China ‘Accelerates’ Force Multipliers – AEW&C, FRA & EW Aircraft – To Fight US Military; Why India Must Act Now


China’s People’s Liberation Army Air Force (PLAAF) and PLA Navy (PLAN) are developing newer variants of airborne ‘Force Multipliers’ such as Flight Refuelling Aircraft (FRA), Airborne Early Warning and Control (AEW&C), and Electronic Warfare (EW) aircraft.

China’s special mission aircraft can also take on signals intelligence/electronic intelligence (SIGINT/ELINT) or electronic attack (EA, jamming) missions. They are also racing ahead in space-based assets and unscrewed airborne platforms.

The airborne force multipliers greatly enhance operational capabilities and boost win-ability chances. Diverse airborne surveillance, command and control, and communications platforms combined with FRA enhance PLA’s battle-space awareness and engagements.

China has a long way to catch up with its competitor, the USA, on this count and, therefore, is displaying urgency. India is significantly behind China on this count. While the government and the Indian Air Force (IAF) have initiated actions, the same needs to be hastened to reduce the capability gap.


The KJ-2000 is a Chinese second-generation AEW&C aircraft developed by the Shaanxi Aircraft Corporation and was the first AEW&C system in service in the PLAAF. It is built upon a modified Russian Ilyushin Il-76 airframe using domestically designed avionics and a fixed radome featuring three active electronically scanned array (AESA) radars each covering a 120-degree sector.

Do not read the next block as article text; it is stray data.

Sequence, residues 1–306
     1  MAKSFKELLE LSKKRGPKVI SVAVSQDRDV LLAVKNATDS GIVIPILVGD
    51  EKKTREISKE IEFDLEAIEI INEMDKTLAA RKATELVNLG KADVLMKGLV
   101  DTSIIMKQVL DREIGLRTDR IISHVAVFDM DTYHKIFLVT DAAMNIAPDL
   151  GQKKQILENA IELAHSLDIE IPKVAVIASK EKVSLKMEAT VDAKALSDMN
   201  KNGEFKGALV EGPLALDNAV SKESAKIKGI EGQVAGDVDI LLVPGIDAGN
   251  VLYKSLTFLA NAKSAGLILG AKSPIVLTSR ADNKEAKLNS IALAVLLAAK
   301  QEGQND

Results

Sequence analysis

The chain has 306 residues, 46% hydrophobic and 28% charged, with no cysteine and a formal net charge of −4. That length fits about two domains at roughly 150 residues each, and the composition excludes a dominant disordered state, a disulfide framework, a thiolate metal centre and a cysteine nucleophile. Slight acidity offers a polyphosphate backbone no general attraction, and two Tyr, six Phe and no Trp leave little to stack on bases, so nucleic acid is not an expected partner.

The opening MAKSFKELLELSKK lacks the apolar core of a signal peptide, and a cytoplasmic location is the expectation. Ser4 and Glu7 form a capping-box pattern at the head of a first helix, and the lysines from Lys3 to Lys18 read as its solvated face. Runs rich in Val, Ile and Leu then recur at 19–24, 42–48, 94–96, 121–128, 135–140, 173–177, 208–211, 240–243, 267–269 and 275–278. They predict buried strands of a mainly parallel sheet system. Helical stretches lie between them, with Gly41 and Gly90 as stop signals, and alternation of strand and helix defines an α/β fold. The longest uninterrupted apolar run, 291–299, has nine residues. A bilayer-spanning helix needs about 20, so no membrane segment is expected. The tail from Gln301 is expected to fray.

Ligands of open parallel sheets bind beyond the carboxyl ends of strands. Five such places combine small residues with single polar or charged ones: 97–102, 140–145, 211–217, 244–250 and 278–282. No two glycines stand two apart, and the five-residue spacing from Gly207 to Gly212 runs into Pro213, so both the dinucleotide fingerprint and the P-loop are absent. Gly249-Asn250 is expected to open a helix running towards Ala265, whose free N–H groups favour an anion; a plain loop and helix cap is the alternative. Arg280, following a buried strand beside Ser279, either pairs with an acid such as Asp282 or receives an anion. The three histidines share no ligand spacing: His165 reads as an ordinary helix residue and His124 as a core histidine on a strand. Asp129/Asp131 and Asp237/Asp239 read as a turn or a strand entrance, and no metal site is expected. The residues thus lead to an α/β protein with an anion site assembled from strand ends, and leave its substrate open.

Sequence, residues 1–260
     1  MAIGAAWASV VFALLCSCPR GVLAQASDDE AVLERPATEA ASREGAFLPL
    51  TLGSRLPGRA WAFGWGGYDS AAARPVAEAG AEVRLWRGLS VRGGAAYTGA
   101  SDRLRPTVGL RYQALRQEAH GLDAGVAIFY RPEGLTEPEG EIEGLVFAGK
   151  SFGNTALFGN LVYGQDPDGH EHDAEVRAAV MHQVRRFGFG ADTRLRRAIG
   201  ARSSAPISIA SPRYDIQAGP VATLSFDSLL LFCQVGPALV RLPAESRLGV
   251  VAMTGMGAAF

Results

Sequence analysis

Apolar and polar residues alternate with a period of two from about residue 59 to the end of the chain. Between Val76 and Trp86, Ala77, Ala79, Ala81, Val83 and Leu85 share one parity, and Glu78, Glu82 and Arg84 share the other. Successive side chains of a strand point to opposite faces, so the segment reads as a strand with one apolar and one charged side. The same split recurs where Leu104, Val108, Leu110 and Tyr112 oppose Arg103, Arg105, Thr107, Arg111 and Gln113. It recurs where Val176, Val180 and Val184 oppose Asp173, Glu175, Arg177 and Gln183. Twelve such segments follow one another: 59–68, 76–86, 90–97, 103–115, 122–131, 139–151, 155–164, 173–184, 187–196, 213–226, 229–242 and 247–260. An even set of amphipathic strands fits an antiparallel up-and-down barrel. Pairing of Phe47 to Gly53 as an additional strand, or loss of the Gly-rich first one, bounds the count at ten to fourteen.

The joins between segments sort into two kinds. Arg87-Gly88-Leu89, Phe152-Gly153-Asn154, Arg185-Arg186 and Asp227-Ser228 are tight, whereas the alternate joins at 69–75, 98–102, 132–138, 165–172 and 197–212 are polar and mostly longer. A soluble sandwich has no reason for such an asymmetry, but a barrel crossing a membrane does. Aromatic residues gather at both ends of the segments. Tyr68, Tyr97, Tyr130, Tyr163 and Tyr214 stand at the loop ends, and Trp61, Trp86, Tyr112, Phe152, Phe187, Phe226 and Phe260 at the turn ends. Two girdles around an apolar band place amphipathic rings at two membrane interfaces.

China attempted to develop an indigenous AEW&C in the late 1970s, designated KJ-1. However, the project was canceled due to funding constraints. After witnessing the successful use of AEW&C in the Gulf War, these platforms became a priority for China.

The KJ-2000 development program started after the July 2000 cancellation of the A-50I deal with Russia and Israel due to strong American pressure against the export of the Israeli EL/M-2075 Phalcon radar.

Denied import options, China then went on to develop a domestic AEW&C, and the first aircraft made its maiden flight in 2003. The Russia-Israel variant finally went to India.

The Nanjing Research Institute of Electronics Technology (NRIET), a subsidiary of the China Electronics Technology Group Corporation (CETC), developed the multi-function, three-dimensional pulse-Doppler radar.

It is designed to detect and track airborne and surface targets. Operating in the frequency range of 1200–1400 MHz, it has a maximum aerial detection range of 470 km. Its flight characteristics are similar to those of the Indian A-50I AEW&C, which has a range of 5,500 km and 12 hours of endurance.

Only five Shaanxi KJ-2000 AEW&C aircraft could be built. The first flight was in 2003. Additional IL-76 airframes were not available, and Russians had jacked up the prize. The same constraint was faced by India. China’s attempt to build Il-76 variants domestically was also given up because of complex supply chain dynamics.

China’s KJ-2000 Airborne Early Warning (AEW) system based on the Russian-origin Il-76 aircraft at the 2014 Zhuhai Air Show

KJ-200 AEW&C

Shaanxi KJ-200 was a backup AEW&C to the KJ-2000. They installed a simplified system on board the smaller Shaanxi Y-8 airframe, the Chinese domestic variant of the Antonov An-12 tactical airlifter.

A “balance beam” lateral-scanning array similar to the Saab Erieye was installed. The platform of this aircraft is based on the Shaanxi Y-8F-600, and it has been reported that Pratt & Whitney Canada PW150B turboprops and Honeywell avionics have been incorporated. 11 were built for use by PLAAF and PLAN.

Shaanxi KJ-500 AEW&C

China also went on to develop the Shaanxi Y-9, an enlarged upgrade of the Y-8 that later served as the basis of the third-generation KJ-500 AEW&C aircraft, and the Xian Y-20, a large strategic airlifter being developed for AEW&C modification.